Hamaabara – the transit camp

Hamaabara- The Transit Camp

The Jerusalem Campaign For Housing Rights


Call for Action 

We are a group of people who first met during the “Social Justice” protests that swept Israel on the summer of 2011, in the “No Choice” protest tents that filled Jerusalem’s municipal parks.

Together, we waged a struggle for public housing. We worked to amplify the voices of people in Israel's socio-economic periphery in general, and in Jerusalem in particular. We worked in cooperation with the Public Housing Coalition, the Periphery Tent Movement, and the main Rothschild Blvd tent encampment.

  We knew that it wouldn't be easy to protest in favor of public housing in a situation where the struggle as a whole has been tagged by the media, the government, and the Trajtenberg Commission as a student struggle and as a middle class struggle. However, we also knew that without this voice, the entire struggle would lose all meaning.

Our tent encampment, just like other "no option" tent camps in the country, were the last to stay standing, after the student camps were evacuated. We found ourselves struggling against the municipality in order to maintain the tent camp, with its residents that were offered no solutions and had no where to go.

In the past few months, we have liberated four deserted buildings in Jerusalem in order to create solutions for the tent camp residents-on King George St. in the city center, on Emek Refaim St. in the German Colony, on Shtern 61 in Kiryat Yovel,  and on 11 Pinsker Street in Talbiya.

We have matured politically through the solidarity that grew within and between the “No Choice” tent encampments and out of our having to contend with the fact that the public housing issue, as well as numerous other issues concerning the periphery and the lower strata of Israeli society, has been given only a marginal place in the struggle and in news coverage. We believed then as we do now that these issues must stand at the center of the struggle. Our solidarity also grew out of the violence exercised against us by the authorities: the pressures from the municipality and its bureaucrats, the hypocrisy of Hebew University, who knew how to say some nice words about justice, but who sent their security guards and police to evict entire families out of 61 Shtern Street, the police violence in the buildings and during the protests, and the outsourced and brutal eviction from 11 Pinsker Street, which was done illegally without an eviction order, while the police backed the violent thugs.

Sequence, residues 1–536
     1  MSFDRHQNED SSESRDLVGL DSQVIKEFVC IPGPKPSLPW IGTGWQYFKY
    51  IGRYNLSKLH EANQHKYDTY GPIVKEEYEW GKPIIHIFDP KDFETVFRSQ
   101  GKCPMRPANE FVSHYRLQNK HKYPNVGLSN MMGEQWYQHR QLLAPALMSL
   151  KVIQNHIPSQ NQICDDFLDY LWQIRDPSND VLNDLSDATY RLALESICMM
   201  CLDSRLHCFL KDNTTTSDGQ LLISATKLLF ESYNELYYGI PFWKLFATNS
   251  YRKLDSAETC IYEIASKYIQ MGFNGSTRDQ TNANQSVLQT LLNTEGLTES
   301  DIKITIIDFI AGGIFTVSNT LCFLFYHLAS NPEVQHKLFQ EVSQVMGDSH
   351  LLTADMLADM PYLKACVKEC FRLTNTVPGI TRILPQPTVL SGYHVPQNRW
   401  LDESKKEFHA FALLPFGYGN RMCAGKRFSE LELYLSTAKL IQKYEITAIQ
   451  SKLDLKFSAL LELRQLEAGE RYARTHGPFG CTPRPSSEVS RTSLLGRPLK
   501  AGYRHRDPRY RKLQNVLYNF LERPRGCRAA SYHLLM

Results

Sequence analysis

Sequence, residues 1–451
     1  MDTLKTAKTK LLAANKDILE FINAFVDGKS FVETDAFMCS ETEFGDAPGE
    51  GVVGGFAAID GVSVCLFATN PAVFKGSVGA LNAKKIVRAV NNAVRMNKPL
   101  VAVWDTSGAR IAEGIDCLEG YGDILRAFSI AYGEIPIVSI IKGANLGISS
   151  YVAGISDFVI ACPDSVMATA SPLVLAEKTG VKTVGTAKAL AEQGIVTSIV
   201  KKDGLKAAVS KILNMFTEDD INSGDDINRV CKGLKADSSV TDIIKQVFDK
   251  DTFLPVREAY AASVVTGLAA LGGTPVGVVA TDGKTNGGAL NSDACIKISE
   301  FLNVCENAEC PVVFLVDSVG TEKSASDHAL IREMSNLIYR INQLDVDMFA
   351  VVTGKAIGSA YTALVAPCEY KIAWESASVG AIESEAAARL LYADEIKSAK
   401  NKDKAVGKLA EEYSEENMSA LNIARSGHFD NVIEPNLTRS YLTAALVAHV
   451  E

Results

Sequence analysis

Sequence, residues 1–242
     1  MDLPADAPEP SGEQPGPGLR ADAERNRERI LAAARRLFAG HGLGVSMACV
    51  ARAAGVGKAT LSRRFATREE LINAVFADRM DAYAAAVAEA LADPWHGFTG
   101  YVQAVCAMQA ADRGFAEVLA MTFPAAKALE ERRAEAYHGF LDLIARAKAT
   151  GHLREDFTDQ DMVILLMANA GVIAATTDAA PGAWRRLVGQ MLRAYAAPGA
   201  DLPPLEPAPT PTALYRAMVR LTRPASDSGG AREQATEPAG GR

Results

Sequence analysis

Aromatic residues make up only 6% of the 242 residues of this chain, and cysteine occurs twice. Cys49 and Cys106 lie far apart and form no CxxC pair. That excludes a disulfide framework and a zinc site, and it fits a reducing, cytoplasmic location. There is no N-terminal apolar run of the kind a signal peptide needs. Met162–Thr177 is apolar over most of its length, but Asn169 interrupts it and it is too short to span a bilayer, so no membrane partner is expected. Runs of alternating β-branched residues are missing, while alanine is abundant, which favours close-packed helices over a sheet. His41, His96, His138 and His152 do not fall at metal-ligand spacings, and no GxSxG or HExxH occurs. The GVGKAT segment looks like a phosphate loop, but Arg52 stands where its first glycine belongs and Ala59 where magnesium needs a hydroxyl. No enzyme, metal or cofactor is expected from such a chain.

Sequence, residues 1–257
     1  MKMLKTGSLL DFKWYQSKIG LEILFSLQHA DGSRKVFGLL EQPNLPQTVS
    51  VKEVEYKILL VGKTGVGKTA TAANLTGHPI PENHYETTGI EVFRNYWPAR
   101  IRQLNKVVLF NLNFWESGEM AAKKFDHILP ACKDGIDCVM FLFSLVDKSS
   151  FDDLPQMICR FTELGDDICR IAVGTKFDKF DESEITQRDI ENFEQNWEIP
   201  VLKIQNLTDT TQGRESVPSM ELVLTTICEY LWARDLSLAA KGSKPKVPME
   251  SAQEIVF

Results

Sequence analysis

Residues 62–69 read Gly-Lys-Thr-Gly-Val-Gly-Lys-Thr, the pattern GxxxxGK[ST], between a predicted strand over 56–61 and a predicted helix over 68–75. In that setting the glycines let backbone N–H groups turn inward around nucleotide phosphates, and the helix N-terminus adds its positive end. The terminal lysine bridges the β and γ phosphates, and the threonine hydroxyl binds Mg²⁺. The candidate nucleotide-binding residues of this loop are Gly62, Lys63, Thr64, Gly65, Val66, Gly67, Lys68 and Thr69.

From tent to Ma'abara (transit camp)

Today, the government adopted the recommendations of the Trajtenberg Committee, which pay no attention to the public housing issue. The different municipalities are fighting the tent camps in their cities and evicting most of them. The Israeli media, which is controlled by multi-millionaires, is telling the public about how “the protest is dying down” at the same time that the protests and the struggle are turning into a significant, global wave. At this critical moment in the struggle, we are establishing “The Ma'abara,” and we call on the public to join us and the struggle that we began-a struggle that is far from over. We hope that Inshallah, Be'ezreat Hashem, our struggle will lead to some solid results.

We draw our inspiration from past struggles in Israel against economic, class, geographic, and ethnic oppression: from the uprisings in the original transit camps, the Wadi Salib revolt in 1959, the struggles of the Black Panthers in the early 1970's that began in Jerusalem, to the struggles against the destruction of Kfar Shalem, which cost Shimon Yehoshua his life, to the tent protests throughout the last decades, Yisrael Twito's “Bread Square”, to the struggles of single mothers in Jerusalem and the tent city of people evicted by Amidar in Beit Shean.

We also draw inspiration from the Middle Eastern uprisings in the last year for democracy and distributive justice in Tunisia and Egypt, who proved their courage in their struggle for freedom and equality and against oppression and exploitation. We are deeply pained to witness the victims that continue to be murdered in Syria, Yemen, Bahrain and other countries as part of struggles oppression.